Water wars are already here in California
Water has always been an issue in California, with competing interests from farmers, ranchers, fishermen and growing cities. But with the crippling drought that the state has experienced in recent years, all of these issues and battles are becoming more important. Unfortunately, with climate change, we may see more of these issues playing out around the world.
This article offers a compelling overview of the water issues facing California.
Tony Fadell discusses Nest
Here’s an excellent interview with Tony Fadell of Nest where he discussed the ways Nest can help consumers save energy. Even more interesting is how Nest is being paid by electric power companies to help smooth out power spikes.
Kevin Rose does an excellent job with the interview and it’s worth checking out. They discuss a wide variety of topics including outsourcing to China, Kickstarter and other challenges facing hardware startups. You can follow Fadell on Twitter here.
Nest should thrive under Google
Nest makes a learning thermostat that helps you conserve energy. It learns your lifestyle and adjusts the temperature in a room based on your needs. If you’re not there or you’re sleeping, Nest automatically changes the temperature settings. You can also control it from a variety of devices. It’s part of the new “Internet of Things” movement where everyday devices become “smarter” by being connected to the Internet, your smartphone and other devices.
Nest was founded by Tony Fadell, one of the Apple guys who worked on the original iPod, and now it’s been acquired by Google for a whopping $3.2 billion. This article sums up the transaction and offers some insight on the future of this company and products like the thermostat that we’ll be able to control in the future.
Rising waters threaten South Florida coastline and Everglades
Spend some time in the harbors of beautiful Miami and you’ll quickly get a sense of how this region would be threatened by rising sea levels. The area is spectacular but incredibly vulnerable. Many experts are starting to sound the alarm:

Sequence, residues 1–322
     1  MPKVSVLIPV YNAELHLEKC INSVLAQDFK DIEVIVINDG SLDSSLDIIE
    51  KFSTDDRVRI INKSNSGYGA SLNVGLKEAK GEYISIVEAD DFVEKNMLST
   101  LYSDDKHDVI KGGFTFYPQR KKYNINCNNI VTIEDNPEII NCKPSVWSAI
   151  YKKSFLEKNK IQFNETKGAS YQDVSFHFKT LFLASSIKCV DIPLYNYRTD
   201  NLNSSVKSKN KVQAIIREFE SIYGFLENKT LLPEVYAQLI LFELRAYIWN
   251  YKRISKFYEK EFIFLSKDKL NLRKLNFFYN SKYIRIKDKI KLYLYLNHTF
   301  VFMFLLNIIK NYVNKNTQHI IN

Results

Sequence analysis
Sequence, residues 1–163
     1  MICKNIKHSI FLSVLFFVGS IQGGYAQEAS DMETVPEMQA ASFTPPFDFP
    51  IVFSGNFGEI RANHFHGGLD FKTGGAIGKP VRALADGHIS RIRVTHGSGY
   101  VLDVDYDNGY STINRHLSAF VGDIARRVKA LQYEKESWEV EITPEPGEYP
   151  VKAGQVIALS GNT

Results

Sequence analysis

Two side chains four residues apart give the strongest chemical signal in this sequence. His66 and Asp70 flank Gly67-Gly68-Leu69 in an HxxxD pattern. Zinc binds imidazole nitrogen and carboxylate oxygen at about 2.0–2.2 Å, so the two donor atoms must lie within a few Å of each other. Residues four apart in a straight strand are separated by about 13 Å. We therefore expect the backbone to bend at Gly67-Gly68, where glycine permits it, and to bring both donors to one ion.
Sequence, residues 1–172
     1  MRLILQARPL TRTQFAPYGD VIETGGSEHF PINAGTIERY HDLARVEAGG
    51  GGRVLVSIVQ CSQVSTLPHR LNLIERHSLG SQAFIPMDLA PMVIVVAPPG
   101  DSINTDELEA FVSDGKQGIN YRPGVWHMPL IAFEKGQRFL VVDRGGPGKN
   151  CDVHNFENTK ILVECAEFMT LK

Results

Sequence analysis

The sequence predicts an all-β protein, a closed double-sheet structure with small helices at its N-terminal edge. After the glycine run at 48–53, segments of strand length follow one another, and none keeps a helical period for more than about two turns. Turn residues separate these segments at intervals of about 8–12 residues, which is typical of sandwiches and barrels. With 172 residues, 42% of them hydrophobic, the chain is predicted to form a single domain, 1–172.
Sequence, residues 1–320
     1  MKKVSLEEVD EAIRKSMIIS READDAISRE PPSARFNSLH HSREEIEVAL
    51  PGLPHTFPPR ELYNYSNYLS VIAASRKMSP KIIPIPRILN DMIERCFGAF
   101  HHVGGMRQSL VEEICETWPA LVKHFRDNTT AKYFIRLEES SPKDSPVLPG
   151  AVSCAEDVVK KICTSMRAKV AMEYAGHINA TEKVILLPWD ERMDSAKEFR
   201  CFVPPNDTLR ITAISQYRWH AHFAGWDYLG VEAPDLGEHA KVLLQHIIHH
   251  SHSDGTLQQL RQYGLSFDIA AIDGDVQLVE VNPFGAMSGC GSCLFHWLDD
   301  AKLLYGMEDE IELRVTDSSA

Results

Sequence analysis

In the most dire predictions, South Florida’s delicate barrier islands, coastal communities and captivating subtropical beaches will be lost to the rising waters in as few as 100 years.
Further inland, the Everglades, the river of grass that gives the region its fresh water, could one day be useless, some scientists fear, contaminated by the inexorable advance of the salt-filled ocean. The Florida Keys, the pearl-like strand of islands that stretches into the Gulf of Mexico, would be mostly submerged alongside their exotic crown jewel, Key West.
Read the entire article and you’ll see how little politicians in Florida are doing to prepare for this potential scenario. Climate change is just one of many polarizing issues we face today and battle lines are drawn. One side does not want to acknowledge the potential risk at all, which makes it hard to debate how we might address this threat. One harsh reality, however, is that at some point there is no amount of engineering that can help. If we ever get to the point of a two-foot rise in seas levels, the entire area would be at risk. It’s a sobering thought.
Rain barrels and rain gardens
If you’re looking for a way to become more green with your lifestyle, think about using rain barrels and a rain garden. Here’s an article of how they are being used in Cleveland.
Karen McKay, who lives at the end of Klusner Avenue in Parma, across the street from West Creek Reservation, recently had a rain garden and two rain barrels installed on her property.
That would be unremarkable under most circumstances. After all, lots of environment-minded gardeners are hooking up rain barrels, which are cisterns that collect and store rainwater that would otherwise run off of roofs and into storm drains and streams. According to the U.S. Environmental Protection Agency, a substantial amount of the pollution in streams, rivers and lakes — including fertilizers, pesticides and yard clippings — is carried there by runoff from yards and gardens.
Rain gardens are often referred to as “a beautiful solution to pollution.” Typically filled with native plants that require less water, a rain garden is a shallow depression planted at the base of a downspout, driveway or sump pump to capture rainwater runoff and stop it from reaching the sewer system or waterways.
You can also check out the video above on how to make your own rain barrel.